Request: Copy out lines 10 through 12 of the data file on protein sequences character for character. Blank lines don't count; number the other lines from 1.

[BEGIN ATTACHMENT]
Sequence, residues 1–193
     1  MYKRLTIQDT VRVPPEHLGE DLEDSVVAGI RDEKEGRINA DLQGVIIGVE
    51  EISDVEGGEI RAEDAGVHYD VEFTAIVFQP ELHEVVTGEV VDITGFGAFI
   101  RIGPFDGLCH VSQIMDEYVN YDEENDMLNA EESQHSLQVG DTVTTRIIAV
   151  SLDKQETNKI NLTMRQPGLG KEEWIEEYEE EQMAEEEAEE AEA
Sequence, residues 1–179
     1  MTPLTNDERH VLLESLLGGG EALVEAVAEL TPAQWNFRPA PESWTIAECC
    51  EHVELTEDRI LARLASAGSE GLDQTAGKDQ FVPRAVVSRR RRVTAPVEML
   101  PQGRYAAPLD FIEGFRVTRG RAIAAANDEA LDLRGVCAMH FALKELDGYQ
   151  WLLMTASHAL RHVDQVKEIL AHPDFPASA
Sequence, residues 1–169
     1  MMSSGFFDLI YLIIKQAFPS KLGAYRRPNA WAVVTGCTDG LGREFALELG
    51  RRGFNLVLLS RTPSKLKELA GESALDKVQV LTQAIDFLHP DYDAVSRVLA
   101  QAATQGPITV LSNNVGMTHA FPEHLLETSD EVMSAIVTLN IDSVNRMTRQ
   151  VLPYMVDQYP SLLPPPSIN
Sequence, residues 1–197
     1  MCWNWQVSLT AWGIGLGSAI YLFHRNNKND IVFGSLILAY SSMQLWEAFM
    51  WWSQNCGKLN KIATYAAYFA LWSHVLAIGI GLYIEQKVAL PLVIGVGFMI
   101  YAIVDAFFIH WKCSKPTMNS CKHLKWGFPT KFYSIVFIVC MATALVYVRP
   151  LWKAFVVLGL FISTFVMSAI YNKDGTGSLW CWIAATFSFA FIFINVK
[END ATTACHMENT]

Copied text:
   151  WLLMTASHAL RHVDQVKEIL AHPDFPASA
Sequence, residues 1–169
     1  MMSSGFFDLI YLIIKQAFPS KLGAYRRPNA WAVVTGCTDG LGREFALELG